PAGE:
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Breaking news Smoke chokes Athens as EU scientists label Mediterranean ‘wildfire hotspot’ – POLITICO

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Fires raging across Greece enveloped Athens in smoke on Wednesday as the Mediterranean reeled from scorching temperatures and forest fires.

EU scientists have warned the region has turned into a “forest fire hotspot” in recent days, with fires in Turkey and southern Italy and satellite data showing “the Emissions and intensity of forest fires are increasing rapidly and countries such as Morocco, Albania, Greece, North Macedonia and Lebanon are also affected. “

Thousands of people in the Greek capital were forced to flee their homes on Tuesday as a fire ravaged a forest near the city. It was subdued early Wednesday, but left behind dozens of burnt homes, businesses and vehicles.

The danger is not over. Temperatures remain scorching – parts of the country hit 47 degrees on Tuesday, just below Europe’s all-time high of 48 degrees – and high winds have fueled fires on the island of Evia near Athens. Temperatures are expected to stay warm for the rest of the week.

It is the worst heat wave Greece has seen in three decades.

The European Union’s Copernicus Atmosphere Monitoring Service (CAMS) said on Wednesday that the intensity and emissions of forest fires were “increasing rapidly” in Turkey and southern Europe, with other Mediterranean countries as well. affected.

While CAMS said high temperatures were not the only trigger for forest fires, as they require an ignition source, it noted that current heat waves “provide ideal ground for the spread of fires. “.

Scientists say climate change makes such extreme weather more likely, and a major United Nations report, to be released on Monday, is expected to draw even clearer conclusions about the relationship between the two.

Stifling air

Fires create another threat: air pollution.

The Athens National Observatory has warned residents of the capital to stay at home with their windows sealed and to pay special attention to those with underlying respiratory and heart problems, smokers, the elderly and children. .

On Wednesday, the city ranked among the worst in the world for air pollution; a cloud of thick black smoke covered the sky throughout the day.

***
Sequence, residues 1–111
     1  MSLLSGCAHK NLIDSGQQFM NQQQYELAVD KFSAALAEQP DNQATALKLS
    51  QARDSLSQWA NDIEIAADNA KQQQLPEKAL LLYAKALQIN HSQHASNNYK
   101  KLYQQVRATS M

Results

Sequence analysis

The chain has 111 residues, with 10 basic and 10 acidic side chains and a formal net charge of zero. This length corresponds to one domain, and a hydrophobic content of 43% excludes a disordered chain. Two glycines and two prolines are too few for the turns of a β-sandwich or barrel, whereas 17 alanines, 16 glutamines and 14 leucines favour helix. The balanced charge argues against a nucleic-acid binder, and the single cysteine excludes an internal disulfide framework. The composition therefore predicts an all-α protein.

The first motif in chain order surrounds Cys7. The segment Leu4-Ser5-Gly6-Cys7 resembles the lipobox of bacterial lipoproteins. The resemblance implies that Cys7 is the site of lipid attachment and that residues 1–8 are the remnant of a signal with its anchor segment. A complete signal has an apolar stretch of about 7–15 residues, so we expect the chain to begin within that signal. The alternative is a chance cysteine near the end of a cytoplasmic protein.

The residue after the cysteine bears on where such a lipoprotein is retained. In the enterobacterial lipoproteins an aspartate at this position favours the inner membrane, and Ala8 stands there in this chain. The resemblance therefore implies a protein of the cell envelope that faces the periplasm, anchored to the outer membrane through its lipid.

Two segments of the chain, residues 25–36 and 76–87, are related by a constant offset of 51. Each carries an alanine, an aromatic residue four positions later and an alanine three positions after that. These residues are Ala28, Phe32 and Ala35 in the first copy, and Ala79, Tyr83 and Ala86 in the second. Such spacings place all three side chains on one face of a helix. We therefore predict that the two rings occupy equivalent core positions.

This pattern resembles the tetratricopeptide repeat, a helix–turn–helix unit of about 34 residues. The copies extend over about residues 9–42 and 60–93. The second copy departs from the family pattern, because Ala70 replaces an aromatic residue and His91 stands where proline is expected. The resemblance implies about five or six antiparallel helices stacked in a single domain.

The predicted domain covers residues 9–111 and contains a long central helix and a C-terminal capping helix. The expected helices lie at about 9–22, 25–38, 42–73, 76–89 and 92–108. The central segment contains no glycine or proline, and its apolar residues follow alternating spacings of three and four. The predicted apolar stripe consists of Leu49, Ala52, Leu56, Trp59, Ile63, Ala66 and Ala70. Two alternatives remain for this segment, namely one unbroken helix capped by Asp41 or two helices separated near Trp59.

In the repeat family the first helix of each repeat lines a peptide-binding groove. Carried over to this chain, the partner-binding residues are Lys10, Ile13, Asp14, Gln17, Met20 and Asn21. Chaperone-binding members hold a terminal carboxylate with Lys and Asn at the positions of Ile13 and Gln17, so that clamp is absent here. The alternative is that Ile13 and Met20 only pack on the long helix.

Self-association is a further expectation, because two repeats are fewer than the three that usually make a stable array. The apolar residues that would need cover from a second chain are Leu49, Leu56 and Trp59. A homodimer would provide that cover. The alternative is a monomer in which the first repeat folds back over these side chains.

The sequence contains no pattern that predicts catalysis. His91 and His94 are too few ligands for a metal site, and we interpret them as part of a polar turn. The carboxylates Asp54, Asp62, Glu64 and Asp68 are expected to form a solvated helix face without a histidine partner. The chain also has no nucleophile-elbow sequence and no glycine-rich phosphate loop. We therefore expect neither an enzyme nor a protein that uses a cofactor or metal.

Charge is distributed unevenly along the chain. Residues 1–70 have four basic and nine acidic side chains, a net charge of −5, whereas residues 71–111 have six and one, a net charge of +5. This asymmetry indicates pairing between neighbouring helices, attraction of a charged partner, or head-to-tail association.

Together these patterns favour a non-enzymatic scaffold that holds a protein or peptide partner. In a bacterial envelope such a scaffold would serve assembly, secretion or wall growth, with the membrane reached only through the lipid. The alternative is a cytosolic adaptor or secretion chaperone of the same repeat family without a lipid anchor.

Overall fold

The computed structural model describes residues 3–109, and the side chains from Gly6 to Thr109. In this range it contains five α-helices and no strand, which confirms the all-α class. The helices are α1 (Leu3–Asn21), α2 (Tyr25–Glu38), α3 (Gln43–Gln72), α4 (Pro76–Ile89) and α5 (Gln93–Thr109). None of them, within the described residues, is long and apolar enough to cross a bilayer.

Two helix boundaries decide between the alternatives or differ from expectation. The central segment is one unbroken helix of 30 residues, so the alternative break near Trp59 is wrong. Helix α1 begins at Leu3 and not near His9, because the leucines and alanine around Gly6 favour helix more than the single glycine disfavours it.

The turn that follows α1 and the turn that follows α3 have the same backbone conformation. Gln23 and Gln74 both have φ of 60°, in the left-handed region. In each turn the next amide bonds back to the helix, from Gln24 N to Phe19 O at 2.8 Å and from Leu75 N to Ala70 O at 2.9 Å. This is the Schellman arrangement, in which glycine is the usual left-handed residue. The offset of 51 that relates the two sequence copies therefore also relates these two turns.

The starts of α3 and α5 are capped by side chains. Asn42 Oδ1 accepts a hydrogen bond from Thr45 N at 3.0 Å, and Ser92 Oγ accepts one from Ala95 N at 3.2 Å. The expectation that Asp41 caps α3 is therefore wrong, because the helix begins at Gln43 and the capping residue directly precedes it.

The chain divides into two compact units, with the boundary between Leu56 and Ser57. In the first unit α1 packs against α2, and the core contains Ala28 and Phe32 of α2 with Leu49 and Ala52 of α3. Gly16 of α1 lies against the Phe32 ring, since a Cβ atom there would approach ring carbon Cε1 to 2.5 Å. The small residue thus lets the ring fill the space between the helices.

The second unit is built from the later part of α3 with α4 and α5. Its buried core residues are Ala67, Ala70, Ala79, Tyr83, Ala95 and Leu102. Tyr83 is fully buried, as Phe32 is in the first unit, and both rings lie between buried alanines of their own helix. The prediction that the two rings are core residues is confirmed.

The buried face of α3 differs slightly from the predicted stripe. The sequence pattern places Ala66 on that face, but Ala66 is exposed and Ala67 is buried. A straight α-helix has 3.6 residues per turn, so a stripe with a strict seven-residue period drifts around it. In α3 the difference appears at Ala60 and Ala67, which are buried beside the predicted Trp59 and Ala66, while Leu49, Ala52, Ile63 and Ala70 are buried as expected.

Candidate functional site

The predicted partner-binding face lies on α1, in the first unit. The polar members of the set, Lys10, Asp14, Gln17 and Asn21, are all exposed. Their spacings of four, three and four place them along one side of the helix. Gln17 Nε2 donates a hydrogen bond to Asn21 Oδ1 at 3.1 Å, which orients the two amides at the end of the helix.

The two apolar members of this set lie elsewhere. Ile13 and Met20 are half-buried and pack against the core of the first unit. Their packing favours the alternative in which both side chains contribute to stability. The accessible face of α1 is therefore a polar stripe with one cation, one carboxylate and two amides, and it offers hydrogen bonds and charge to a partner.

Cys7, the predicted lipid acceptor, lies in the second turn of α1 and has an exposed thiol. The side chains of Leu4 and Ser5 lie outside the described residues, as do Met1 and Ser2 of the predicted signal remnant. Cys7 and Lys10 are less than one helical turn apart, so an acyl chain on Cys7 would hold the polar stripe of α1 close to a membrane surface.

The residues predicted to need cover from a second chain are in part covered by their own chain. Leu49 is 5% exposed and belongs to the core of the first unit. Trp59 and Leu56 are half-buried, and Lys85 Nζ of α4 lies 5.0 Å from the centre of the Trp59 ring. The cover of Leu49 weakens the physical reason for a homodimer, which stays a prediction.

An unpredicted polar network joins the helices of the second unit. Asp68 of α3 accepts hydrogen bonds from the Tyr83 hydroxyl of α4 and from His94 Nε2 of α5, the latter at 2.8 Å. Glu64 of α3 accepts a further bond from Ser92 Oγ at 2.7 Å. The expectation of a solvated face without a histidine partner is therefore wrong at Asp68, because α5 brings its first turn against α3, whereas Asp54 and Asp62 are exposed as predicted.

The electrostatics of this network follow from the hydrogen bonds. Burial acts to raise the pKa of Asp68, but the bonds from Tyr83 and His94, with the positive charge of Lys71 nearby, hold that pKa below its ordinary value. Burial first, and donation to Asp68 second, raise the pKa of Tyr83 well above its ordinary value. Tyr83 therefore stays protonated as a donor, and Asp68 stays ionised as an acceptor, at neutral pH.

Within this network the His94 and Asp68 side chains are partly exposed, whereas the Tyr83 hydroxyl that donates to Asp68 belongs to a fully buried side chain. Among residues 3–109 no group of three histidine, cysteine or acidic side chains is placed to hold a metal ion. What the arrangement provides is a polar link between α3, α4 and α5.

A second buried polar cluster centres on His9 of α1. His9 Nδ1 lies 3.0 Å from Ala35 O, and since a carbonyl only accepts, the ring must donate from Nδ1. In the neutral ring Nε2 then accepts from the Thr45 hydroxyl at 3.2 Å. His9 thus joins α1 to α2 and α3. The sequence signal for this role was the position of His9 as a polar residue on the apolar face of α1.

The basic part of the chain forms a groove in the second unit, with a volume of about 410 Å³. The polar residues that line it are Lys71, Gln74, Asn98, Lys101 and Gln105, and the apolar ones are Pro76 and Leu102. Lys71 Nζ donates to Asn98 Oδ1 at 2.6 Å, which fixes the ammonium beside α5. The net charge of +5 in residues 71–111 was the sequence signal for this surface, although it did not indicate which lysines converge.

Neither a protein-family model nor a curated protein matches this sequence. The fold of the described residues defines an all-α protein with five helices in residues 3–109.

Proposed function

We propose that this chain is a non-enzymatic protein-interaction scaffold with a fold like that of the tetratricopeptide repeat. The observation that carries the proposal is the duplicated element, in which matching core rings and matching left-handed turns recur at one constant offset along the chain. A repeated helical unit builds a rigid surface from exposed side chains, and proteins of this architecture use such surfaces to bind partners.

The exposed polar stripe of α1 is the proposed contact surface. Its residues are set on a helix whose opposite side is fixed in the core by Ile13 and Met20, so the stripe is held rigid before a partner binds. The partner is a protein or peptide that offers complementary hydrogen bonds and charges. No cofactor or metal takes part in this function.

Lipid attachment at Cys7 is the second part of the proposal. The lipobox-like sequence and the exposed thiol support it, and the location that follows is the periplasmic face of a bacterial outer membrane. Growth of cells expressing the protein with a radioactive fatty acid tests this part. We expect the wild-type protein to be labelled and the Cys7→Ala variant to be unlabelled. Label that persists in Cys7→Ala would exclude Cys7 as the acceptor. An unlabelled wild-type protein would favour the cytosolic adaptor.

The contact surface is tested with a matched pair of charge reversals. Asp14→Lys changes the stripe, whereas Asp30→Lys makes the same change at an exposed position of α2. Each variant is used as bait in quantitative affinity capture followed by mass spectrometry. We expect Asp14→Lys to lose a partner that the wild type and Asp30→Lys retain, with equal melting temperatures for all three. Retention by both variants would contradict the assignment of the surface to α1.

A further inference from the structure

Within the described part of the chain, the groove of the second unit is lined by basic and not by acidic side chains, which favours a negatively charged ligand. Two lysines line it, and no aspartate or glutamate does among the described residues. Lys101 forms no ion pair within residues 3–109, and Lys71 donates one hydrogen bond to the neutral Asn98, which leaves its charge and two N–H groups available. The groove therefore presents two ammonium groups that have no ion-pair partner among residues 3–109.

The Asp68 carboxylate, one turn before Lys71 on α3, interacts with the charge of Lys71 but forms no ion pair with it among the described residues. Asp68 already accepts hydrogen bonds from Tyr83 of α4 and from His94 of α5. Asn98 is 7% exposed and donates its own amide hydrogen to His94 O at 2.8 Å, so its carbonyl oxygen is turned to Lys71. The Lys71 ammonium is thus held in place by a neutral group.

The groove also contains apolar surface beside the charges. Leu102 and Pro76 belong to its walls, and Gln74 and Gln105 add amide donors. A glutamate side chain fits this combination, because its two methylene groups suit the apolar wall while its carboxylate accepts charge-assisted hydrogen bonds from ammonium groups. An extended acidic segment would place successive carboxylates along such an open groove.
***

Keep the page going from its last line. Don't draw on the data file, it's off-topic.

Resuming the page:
The smoke and heat sent dozens to the hospital with respiratory problems. Greek Health Minister Vassilis Kikilias, who visited a general hospital in northern Athens on Wednesday morning, said the region’s LINK ambulance services received 77 calls from Tuesday evening to Wednesday morning from people with respiratory problems.

The air is even worse over parts of Turkey along the southern Anatolian coast, also affected by fires.

“We are closely monitoring the intensity of the fires in Turkey and around the Mediterranean region and the impacts they are having on the atmosphere,” said Mark Parrington, a forest fire expert at CAMS. “It is especially important to monitor these high intensity fires closely as the smoke they emit can impact air quality locally and downwind.”

“Hellish” fires

Greek Prime Minister Kyriakos Mitsotakis visited the affected area of ​​the capital on Wednesday morning to meet with firefighters and other first responders. He tried to adopt an optimistic tone.

“We have had no loss of human life,” Mitsotakis said in a statement. “The houses will be rebuilt and, over time, the forest will grow back. “

He added: “We have a few more hot days to come, and then the winds will pick up, so I ask all of you to remain fully vigilant so that the damage is now as minimal as possible.”

Other parts of Greece have also been hit hard by the fires. People were forced to flee their homes and spend Tuesday evening on Messinis beach on the Peloponnese peninsula, where several homes were burnt down. Hundreds of residents and holidaymakers were also evacuated from six villages in Evia, an island north of Athens.

Another fire was burning on Wednesday in the Ilia region near ancient Olympia, site of the ancient Olympic Games. Residents of at least six villages have been ordered to evacuate.

“We are living in frightening times,” said Nektarios Farmakis, governor of the region of Western Greece.

The Balkans are also suffering from extreme heat. Forest fires in Albania killed a man who was trapped in a burning house; 13 fires broke out in North Macedonia on Tuesday, approaching dangerously in several cities.

“Stay away from forest areas, be careful and responsible and together we will overcome these hellish challenges,” wrote the Prime Minister of North Macedonia, Zoran Zaev.

The European Commission said it had coordinated its support through its Civil Protection Mechanism with member countries, sending several firefighting planes to affected countries.


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